Hugh Akston = Human Action?

By: Jörg Guido Hülsmann

I just received an intriguing email. The author suggests that Ayn Rand’s novel Atlas Shrugged features Ludwig von Mises in one of the secondary roles (yet still as a hero). I had not at all seen the point that my correspondent raises, but I think he is right. When I wrote the Mises biography, I did not take the time to look up Atlas Shrugged again (I had read it in the mid-1990s), otherwise I might have noticed. Anyway, here is the message:

Dear Prof.,

I’m going through your profound “The Last Knight of Liberalism”. It made me pause a couple of times, just to be able to read entire books before I continue (e.g. “Critique of Interventionism”, “Bureaucracy”), and there were several fine points of Mises’ thinking that I had overlooked or misunderstood – your brief summaries of deep ideas are invaluable for making such errors apparent.


So, first of all, thank you for the amazing work. Plus your lectures, of which I’ve watched a few. (I think that there was a list of lectures, following the book, which I watched before reading the book, but now I can’t find, do they still exist somewhere?).

Though this message is not to express my gratitude, but rather, to ask you whether you made the same connection or not. I recently read Atlas Shrugged, and years ago I finished Human Action (which itself took years…). In your book, at some point you say:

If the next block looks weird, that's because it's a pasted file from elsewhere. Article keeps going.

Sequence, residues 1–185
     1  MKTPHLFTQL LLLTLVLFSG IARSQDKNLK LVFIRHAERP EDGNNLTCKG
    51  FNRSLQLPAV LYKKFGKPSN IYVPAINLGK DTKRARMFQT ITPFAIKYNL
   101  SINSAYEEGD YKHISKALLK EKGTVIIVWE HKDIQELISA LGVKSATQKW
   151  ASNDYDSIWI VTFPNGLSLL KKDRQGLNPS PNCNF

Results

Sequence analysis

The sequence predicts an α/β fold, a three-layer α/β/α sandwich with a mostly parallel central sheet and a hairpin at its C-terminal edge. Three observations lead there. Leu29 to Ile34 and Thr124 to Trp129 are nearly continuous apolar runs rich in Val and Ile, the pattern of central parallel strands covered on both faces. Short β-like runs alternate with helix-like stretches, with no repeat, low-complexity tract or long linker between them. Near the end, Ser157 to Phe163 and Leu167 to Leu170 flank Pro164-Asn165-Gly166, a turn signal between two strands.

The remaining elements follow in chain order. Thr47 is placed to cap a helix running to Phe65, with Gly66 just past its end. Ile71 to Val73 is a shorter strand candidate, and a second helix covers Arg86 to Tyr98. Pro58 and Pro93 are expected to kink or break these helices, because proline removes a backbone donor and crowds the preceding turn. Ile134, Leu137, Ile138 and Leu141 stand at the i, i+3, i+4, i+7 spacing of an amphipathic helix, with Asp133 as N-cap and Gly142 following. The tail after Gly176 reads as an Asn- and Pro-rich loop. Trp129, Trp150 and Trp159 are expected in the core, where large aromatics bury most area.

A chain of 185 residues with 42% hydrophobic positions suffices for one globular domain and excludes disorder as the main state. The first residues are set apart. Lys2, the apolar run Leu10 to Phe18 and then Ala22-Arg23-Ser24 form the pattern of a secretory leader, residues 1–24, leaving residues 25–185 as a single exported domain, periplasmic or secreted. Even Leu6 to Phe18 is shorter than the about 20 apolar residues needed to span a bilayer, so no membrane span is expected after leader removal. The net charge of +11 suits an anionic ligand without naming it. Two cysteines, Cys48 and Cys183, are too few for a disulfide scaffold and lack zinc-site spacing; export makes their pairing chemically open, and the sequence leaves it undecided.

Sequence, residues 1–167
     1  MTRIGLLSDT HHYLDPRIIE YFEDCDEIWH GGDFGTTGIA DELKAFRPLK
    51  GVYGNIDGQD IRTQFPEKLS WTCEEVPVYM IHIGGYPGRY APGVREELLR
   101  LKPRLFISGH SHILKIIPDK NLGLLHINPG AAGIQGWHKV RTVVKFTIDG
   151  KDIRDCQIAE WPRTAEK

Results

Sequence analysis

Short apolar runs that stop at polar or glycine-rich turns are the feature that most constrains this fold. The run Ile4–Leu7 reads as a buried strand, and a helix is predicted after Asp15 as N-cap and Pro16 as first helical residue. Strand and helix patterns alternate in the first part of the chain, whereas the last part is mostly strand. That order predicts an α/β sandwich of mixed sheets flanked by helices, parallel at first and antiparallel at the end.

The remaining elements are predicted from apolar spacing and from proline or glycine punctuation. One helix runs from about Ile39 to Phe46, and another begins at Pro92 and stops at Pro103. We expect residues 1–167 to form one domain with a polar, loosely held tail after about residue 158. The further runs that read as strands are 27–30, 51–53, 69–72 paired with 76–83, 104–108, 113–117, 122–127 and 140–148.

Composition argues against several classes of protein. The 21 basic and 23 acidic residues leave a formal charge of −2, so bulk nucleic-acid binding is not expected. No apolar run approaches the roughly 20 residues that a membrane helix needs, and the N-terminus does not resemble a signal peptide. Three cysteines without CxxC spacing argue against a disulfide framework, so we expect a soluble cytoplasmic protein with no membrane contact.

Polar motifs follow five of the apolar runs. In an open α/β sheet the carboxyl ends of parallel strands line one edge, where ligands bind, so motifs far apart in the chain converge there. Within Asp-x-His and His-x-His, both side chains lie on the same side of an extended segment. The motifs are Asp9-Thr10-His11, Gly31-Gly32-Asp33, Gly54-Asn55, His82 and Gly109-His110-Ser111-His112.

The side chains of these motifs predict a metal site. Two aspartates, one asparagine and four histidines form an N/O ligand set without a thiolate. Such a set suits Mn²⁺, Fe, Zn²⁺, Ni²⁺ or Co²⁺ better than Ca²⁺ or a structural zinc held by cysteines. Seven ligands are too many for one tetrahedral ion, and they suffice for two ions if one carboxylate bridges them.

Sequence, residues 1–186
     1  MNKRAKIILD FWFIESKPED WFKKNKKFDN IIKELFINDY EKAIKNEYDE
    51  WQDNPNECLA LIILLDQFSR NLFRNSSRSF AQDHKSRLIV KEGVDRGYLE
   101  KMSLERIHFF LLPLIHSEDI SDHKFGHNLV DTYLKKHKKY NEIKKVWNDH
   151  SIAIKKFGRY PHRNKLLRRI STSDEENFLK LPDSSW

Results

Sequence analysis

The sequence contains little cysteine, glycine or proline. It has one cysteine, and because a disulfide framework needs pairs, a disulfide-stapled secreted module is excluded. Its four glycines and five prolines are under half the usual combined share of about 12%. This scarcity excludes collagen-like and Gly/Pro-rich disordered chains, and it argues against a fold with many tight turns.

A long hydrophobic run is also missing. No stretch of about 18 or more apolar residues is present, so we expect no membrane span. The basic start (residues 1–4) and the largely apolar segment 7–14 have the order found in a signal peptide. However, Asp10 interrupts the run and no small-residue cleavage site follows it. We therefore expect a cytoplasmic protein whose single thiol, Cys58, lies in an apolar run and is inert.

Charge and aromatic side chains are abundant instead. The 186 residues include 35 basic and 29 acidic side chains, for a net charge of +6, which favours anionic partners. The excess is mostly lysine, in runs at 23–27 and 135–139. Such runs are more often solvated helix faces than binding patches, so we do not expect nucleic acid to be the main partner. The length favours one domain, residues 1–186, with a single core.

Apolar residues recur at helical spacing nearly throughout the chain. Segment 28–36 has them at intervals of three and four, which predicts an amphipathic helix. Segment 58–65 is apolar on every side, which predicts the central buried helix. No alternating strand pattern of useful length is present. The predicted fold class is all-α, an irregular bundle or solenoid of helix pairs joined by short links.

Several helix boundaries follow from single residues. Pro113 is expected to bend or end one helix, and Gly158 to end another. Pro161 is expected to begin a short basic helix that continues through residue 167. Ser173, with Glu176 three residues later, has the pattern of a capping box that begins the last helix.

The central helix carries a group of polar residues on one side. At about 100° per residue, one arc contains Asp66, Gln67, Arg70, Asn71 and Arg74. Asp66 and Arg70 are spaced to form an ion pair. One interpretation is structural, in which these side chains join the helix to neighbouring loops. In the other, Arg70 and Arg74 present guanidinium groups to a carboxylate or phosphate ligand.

Mises was not a man to attach too much importance to material things. He once told Margit that, if she was after riches, she had married the wrong man. But neither was he the type of intellectual that Ayn Rand depicted in her novel Atlas Shrugged: the libertarian philosopher who in dire straits would descend stoically from his chair at the university to work behind the counter of a small-town burger joint. Had Mises ended up flipping hamburgers, his heart would have broken.

I’m dying from curiosity to know whether you spent a minute pondering about the name of that professor in “Atlas Shrugged”, which was: Hugh Akston. What are the chances that this was a coincidence? Hugh Akston? Really?

Isn’t this an “obvious” easter egg, hidden in plain sight, paying tribute to nothing other than Mises’ Human Action? (I checked online, nobody seems to have noticed this).

Though I seem to recall that Ayn was not particularly impressed or appreciative by the first part of the book, i.e. praxeology, where the title comes from, but maybe she had a different opinion when she wrote the book, who knows.

Best, D.A.

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